Tackling Sleep and Stress in the Age of Uncertainty

Tackling Sleep and Stress in the Age of Uncertainty

COVID-19 has essentially everyone in the U.S. stressed. In a recent survey, Pillow Insider concluded that over 90% of participants said COVID-19 has affected their sleep. Nine out of ten people… yikes. Breaking down those numbers even more, 43% of respondents reported disturbed sleep patterns, with 23.4% reporting they are sleeping less and 23.7% saying they are sleeping more than they used to.

So other than turning to medications, what can we do to squash our stressors and get back to sleep?

Routine maintenance

If you’re currently unemployed, furloughed, or working from home with more flexible hours, chances are your routine has taken a nosedive. As humans, we often find unstructured days unpredictable and a little frightening.

Taking advice for new retirees is a great way to get your schedule back. According to a study by researcher Ana Zisberg, performing basic activities such as eating, dressing, and bathing at the same time every day was found to improve sleep quality. Start with a bedtime and a wake time, then go from there. Drink your cup of coffee, get dressed (even if it’s just changing into a different pair of sweats), and stick to as much of a schedule as you can.


Meditation is an incredibly powerful tool for stress reduction. In fact, meditation is linked to increased self-awareness, patience, and creativity, as well as a reduction in negative emotions.

In our experience, meditation can be a little difficult to get into, especially in the age of constant distractions and racing thoughts. This is where guided meditation comes in.

MoojiTV is our personal favorite, and it has been around forever. The organization is run by Jamaican spiritual leader Mooji, who has such a calming and supportive presence. He guides you through meditation, helping you as your thoughts stray or as you become impatient. His themes are incredibly nurturing, and helpful for anyone who needs to quiet their mind and be reminded of their own self worth.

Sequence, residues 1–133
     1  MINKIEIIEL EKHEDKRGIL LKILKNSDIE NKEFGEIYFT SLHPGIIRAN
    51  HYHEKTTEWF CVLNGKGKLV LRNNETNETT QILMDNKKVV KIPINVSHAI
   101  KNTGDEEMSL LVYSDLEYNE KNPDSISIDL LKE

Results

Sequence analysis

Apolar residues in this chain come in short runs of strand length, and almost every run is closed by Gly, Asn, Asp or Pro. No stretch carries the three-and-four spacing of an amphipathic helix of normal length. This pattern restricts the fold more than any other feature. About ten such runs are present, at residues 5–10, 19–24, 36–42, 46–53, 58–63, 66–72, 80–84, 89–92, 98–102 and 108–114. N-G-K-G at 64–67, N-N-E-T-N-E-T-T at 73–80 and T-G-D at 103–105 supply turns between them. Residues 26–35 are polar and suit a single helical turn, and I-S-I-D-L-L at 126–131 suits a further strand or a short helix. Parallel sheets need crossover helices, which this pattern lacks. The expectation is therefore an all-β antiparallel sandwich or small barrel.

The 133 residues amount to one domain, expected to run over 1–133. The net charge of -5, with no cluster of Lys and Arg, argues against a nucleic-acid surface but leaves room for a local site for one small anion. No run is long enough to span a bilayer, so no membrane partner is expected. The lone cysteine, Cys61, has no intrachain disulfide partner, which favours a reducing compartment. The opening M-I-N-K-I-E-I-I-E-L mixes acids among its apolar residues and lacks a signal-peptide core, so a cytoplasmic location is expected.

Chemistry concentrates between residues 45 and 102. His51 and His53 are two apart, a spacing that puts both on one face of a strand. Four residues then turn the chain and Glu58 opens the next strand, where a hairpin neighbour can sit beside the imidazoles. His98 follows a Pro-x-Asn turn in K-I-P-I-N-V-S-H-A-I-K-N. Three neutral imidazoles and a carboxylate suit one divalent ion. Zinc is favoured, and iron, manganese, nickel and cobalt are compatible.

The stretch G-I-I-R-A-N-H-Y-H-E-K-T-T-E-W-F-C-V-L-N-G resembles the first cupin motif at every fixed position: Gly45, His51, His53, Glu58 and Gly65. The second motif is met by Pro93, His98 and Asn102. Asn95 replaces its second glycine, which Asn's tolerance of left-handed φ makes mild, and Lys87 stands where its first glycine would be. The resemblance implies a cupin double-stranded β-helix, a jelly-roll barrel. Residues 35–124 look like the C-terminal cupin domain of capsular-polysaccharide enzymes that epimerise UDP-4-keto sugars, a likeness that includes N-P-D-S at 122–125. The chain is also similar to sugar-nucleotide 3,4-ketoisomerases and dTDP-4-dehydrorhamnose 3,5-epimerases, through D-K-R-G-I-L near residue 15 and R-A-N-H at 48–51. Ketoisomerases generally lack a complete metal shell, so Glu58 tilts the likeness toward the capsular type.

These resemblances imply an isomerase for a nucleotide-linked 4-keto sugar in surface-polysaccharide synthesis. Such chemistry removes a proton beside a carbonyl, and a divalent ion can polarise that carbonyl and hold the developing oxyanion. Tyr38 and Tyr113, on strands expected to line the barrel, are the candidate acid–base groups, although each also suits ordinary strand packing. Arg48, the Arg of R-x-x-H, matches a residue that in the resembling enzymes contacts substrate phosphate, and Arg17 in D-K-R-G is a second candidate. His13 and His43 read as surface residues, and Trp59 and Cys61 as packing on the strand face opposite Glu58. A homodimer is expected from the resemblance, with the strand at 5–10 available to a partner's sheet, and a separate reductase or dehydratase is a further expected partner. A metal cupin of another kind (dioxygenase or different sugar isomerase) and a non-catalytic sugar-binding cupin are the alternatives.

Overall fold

We’ve linked a few different meditations below; go ahead and try them before bedtime! We recommend starting with just ten minutes and building up to longer practices!

Low-impact exercise

According to the American Public Health Association, “not only does low-impact exercise come with the benefits of improved strength, lower blood pressure and reduced stress, but such a workout also cuts down on the risk of musculoskeletal injury.”

Low-impact exercise, such as yoga, walking, and tai chi, allows you to focus on breath and gentle movement. In the days of quarantine, we find YouTube yoga is incredibly accessible and fun. Our two favorite teachers are Jessamyn Stanley and Adriene Mischler; both are so encouraging and thoughtful in their practice, inviting anyone and everyone on the mat, regardless of fitness level. We’ve linked some of our favorites from them below (suitable for beginners!)

Jessamyn Stanley

Yoga With Adriene

Put. Down. The. Phone.